Elvis Aaron Presley was born to Vernon and Gladys Presley on January 8th, 1935 in Tupelo, Mississippi. Elvis had a twin brother who died a stillborn, leaving him an only child. His life was far from stardom during his childhood as he grew up in poverty with his laboring class parents. Despite growing up in a poor family, he had a close bond with his parents during his younger years. Going to church was a common occurrence for their family–which is the stage that set Elvis to get involved in the musical world. The gospel music of church along with the music of his generation influenced his style. Despite being an ordinary pupil in school, he quickly realized his musical talent and joined a singing contest, in which he placed fifth. His family moved to Memphis soon after this and he began learning how to write songs and play guitar. He soon realized that academics were not where his strengths lie and that a career as a professional musician was his destiny.
Almost immediately following his high school graduation, he was given a recording contract at Sun Records, which fulfilled some of his musical ambitions. Sam Phillips was the owner of Sun Records and was astonished at the young man’s abilities. He soon offered Elvis a record deal after discovering his talent. Unfortunately, his success in this was not immediate, and he had to work blue-collar jobs to make a living while he waited on his musical career to take off. After consistently recording songs with many setbacks along the way, his talents started to become more recognized, and by 1955, he had a music single that made it to the number one spot. Additionally, he began starring in movies that showcased both his musical abilities and his acting skills.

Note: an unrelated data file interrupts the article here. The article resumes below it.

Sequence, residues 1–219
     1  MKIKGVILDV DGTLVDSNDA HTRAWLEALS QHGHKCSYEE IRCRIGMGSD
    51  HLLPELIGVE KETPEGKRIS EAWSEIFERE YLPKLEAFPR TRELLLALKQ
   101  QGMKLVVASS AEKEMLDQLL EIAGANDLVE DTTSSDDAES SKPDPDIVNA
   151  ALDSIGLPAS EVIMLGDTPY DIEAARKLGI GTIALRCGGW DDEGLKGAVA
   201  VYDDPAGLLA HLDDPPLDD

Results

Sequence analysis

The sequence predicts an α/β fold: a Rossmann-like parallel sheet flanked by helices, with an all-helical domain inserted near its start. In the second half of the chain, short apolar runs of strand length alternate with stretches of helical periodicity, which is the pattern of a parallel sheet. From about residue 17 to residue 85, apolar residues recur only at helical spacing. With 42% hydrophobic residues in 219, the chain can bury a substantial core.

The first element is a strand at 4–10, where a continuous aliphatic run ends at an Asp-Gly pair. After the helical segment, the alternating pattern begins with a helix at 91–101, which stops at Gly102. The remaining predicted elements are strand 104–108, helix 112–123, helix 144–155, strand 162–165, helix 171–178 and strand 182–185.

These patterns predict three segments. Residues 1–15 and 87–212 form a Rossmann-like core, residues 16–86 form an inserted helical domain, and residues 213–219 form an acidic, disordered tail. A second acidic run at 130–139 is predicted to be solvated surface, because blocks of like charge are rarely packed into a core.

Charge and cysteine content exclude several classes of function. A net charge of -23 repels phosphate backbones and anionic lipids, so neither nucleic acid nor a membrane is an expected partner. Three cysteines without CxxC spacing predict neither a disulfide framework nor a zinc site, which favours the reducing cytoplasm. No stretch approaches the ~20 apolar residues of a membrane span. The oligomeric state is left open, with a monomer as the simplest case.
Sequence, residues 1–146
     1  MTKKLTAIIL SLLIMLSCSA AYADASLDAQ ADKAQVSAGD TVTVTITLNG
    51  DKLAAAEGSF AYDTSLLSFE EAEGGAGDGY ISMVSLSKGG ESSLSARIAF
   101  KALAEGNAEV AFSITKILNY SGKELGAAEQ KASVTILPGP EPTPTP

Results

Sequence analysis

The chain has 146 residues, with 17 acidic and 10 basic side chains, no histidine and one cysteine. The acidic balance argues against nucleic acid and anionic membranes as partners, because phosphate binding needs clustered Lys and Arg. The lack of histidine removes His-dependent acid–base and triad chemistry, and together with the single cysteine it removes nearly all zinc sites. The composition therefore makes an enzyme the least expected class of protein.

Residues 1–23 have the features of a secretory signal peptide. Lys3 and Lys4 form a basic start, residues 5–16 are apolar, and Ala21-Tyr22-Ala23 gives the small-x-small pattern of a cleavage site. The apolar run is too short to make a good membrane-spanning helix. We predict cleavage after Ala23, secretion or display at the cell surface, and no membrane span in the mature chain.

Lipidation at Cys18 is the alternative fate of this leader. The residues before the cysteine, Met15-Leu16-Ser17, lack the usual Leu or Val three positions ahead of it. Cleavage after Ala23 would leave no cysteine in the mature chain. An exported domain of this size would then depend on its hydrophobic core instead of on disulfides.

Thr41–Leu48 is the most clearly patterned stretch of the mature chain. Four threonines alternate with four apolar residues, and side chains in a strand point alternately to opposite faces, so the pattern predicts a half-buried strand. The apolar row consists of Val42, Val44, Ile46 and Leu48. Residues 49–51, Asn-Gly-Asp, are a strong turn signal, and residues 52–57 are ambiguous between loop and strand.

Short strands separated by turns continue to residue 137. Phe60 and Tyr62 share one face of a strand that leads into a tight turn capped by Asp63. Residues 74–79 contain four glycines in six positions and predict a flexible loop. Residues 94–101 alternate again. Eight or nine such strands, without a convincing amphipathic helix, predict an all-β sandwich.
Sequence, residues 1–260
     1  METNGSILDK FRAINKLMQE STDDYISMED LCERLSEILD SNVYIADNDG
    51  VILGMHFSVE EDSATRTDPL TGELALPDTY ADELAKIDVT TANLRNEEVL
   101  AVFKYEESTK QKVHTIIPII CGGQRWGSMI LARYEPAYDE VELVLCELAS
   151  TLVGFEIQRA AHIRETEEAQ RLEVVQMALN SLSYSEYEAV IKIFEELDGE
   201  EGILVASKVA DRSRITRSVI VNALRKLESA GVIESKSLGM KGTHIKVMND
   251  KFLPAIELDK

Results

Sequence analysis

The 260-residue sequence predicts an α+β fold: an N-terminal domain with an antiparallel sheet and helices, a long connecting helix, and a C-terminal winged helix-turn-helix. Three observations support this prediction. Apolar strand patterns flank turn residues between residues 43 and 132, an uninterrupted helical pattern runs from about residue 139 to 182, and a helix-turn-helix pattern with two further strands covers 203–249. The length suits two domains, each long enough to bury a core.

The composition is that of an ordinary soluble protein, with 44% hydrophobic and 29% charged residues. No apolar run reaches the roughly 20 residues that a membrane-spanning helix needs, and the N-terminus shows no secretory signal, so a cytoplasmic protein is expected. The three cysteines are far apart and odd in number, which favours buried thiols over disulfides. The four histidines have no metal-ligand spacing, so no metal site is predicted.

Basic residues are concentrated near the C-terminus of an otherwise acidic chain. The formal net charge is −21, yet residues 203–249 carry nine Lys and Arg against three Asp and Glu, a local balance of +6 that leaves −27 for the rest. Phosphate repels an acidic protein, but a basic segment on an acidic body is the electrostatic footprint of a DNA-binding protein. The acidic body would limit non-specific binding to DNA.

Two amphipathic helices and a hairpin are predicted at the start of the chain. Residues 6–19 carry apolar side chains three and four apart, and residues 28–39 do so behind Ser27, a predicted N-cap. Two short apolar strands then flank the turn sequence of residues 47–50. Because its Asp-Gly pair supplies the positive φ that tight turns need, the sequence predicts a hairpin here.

Suddenly, his rise to fame grew exponentially, and his style and flare changed many aspects of the music industry. His audience and fame grew further following his first movie, “Love Me Tender.” In 1958, he was drafted into the Army and served there until 1960. During this time, his mother passed away, which partly contributed to his future depression. Even while enlisted and enduring family trials, his charisma and personality still had a charm that kept his fame in full force.
However, by the late 1960s, his popularity started to decline, but he continued to create music. Around this time he also went through a divorce with his wife Pricilla. Because of this and his decrease in fame, a deep depression soon came over him, leading to an abuse of prescription drugs and a problem with weight gain. As the years passed, his depression never left him, and his struggle with drugs continued to be a problem to his mental and physical health. This in turn provided further strain on his musical career, and the highlight of his life became performing shows in Las Vegas. He died in 1977 of heart failure, which was mostly attributed to his abuse and overdose of prescription drugs. He was only 42 years old.
Elvis has left a legend behind him, paving the way for future musicians with his unique talent that changed the musical spectrum. A superstar in his day, he continues to be a famous name in the present and is known as a dominant figure in the history of music. The King of Rock ‘n Roll could be the most influential musician of all time by the changes he brought to popular culture, and if not for his existence, the world of music would not be what it has become today.